29TH November, 1961
On this day, in the House of Representatives, Alhaji Muhtari, Sarkin Bai(NPC Member for Dambatta, Kano), moved the following motion:
That this House views with grave concern the text of a Lecture delivered in London on 3rd September, 1961, by the Hon. Leader of Opposition, Chief Obafemi Awolowo, which Lecture, in the opinion of this House, constitutes an incitement to his Nigerian audience in London and being based on statements without foundation in fact, is unbecoming of an hon. Member of this House when on a visit outside the Federation. I am quite sure that every hon. Member has got a copy of the text of his Lecture.
It was unusual to move a motion of censure on a Member of the House, especially the Leader of the Opposition. But the NPC-NCNC coalition was determined to discredit me by any means fair or foul open to them. Chief Anthony Enahoro(AG Member for Ishan East) put the point succinctly and clearly when he raised a point of order after the terms of the motion had been read out by Alhaji Muhtari. He said as follows:
On a point of Order, this Motion would amount to a vote of censure. Under Standing Order 74, it is laid down that in any matter for which these Standing Orders do not provide, the practice of the House of Commons shall be followed. Our Standing Orders do not tell us how to deal with a vote of censure. But Erskine May and other authorities tell us the circumstances in which a Motion of censure can be moved and those circumstances are three. And none of them applies to the circumstances which this Motion affects. The first one is censure on the Government or on a Member of the Government, for something done or omitted to be done. That does not apply in this case. The second is censure on an outsider who is not a Member of this House: if he is disrespectful to a member of the House or if he misrepresents the debate of the House. That does not apply in this case. The third one is the censure of a Member of the House for a breach of privilege. This Motion does not claim that there has been a breach of privilege. As I said, the circumstances under which there can be a vote of censure on a member of this House, let alone the Leader of Opposition, are: if he is disrespectful to the House as a whole; if he offends against the authority of the House; if he disobeys the orders of the House; if he interferes with the procedure of the House; if he interferes with the atmosphere of the House; if he libels the Speaker; if he libels the Select Committee of the House; if he interferes with witness giving evidence before the House. As I have said, since our own Standing Orders are silent on this matter, we have to follow the practice of the House of commons. That is what our Standing Orders provide. The circumstances under which it might be regarded that there was a breach of privilege is quite clearly set out on page 305 of Erskine May and those circumstances are set out at page 305 and indeed on other pages. There is nothing in our Standing Orders, nothing in the practice of any Parliament in the Commonwealth, by which the House is entitled to call on a Member to account for views which he expressed outside the House. And it will be setting in the mind of the nation a very dangerous precedent if this Motion is taken. For this reason, I would ask the Chair to rule it out of order.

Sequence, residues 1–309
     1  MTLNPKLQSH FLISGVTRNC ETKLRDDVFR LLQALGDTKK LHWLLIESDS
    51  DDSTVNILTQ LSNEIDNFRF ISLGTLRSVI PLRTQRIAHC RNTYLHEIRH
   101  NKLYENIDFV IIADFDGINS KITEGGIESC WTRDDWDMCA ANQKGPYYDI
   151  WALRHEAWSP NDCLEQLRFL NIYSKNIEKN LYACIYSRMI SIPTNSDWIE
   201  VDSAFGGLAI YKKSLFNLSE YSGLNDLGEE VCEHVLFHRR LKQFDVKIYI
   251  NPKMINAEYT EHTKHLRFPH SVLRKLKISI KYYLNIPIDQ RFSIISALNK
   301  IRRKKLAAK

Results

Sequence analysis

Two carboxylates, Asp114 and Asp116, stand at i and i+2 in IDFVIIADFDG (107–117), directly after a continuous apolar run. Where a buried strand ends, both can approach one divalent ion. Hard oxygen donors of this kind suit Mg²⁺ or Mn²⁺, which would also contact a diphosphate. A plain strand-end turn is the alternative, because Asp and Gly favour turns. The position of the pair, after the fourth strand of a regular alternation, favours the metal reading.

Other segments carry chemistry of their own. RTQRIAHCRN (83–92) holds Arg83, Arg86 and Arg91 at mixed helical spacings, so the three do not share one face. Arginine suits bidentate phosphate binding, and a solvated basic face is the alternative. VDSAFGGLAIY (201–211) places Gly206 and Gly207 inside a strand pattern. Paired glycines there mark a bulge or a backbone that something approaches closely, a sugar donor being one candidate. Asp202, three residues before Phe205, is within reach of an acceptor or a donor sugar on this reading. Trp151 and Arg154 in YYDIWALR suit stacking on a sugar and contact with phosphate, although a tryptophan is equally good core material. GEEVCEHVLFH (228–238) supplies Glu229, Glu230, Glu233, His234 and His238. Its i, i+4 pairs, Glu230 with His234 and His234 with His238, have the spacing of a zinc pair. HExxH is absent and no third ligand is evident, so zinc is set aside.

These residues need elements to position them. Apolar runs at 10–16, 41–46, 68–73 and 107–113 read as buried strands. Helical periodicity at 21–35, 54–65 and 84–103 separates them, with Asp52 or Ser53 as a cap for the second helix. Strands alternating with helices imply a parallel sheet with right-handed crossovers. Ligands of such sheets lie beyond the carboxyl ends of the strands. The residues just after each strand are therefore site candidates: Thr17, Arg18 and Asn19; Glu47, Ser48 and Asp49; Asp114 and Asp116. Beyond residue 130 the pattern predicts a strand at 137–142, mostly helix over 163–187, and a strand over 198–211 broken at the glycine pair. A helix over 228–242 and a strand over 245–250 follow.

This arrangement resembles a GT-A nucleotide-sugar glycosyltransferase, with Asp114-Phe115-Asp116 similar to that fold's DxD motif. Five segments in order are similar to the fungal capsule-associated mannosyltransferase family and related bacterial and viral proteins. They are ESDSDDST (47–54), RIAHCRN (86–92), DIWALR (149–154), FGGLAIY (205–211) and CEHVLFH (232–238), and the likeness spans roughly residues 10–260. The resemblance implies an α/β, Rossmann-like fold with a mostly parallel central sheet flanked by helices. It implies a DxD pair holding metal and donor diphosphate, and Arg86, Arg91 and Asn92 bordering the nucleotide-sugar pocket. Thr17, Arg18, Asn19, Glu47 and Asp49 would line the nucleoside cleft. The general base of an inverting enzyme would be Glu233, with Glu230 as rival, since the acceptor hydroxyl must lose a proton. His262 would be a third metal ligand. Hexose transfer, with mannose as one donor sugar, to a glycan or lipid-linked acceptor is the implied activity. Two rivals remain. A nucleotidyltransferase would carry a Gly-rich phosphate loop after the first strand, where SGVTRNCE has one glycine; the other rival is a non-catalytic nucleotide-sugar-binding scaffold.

The Deputy Speaker was in the chair when the debate began. He was a member of the NCNC. He disagreed with Chief Enahoro and ruled that the motion was in order. The debate on the motion was concluded on 30th November, 1961 and was passed 83 votes in favor and 32 against. The amendment to the motion was defeated by 66 votes to 32. I took no part in the debate. But I was somewhat astonished at the complete misunderstanding and deliberate misrepresentation of its text, and at the venom and intolerance which were exhibited by NPC/NCNC big wigs in the course of the debate–Obafemi Awolowo.
The full text of the Lecture is being reproduced here in 3 instalments
Politically, the independence of a country can be viewed from two angles: the corporate and the individual angle. A country is said to be free only when it has unqualified control over its internal affairs. On the other hand, a citizen of an independent country enjoys individual freedom when he is free to say and do what he likes, subject only to laws enacted by the freely elected parliament or the popular legislative assembly of the land.
The dependency of a country and the subjection of its citizens to alien rule are conterminous. But the independence of a country does not necessarily mean the freedom of its individual citizens. It all depends on the form of government. If, for instance, the form of government is oligarchical, authoritarian, or totalitarian, individual freedom will almost invariably be denied to the masses of the people. The point must be made, however, that in times of national crisis or emergency, it is legitimate for the Government to call upon the citizens to surrender, for the duration, some measure of their individual freedom, in order that the freedom of the country and its citizens may be preserved from violation. In a democracy, therefore, and in normal circumstances, the freedom of a country connotes the freedom of its individual citizens.
Furthermore, when the freedom of a country is looked at in its complete functional embodiment, it exhibits two conspicuous and inseparable facets. They are the political and economic facets. A country can only be said to be truly free and independent which has these two functional facets co-existing and cohering in their inseparable absoluteness.
I have emphasized the inseparable nature of these two facets in order to focus attention to the point that, for a subject people, political freedom is not the end of the journey or struggle: it is nothing more than a most potent means to the acquisition and consolidation of the economic and other facets of the country’s freedom.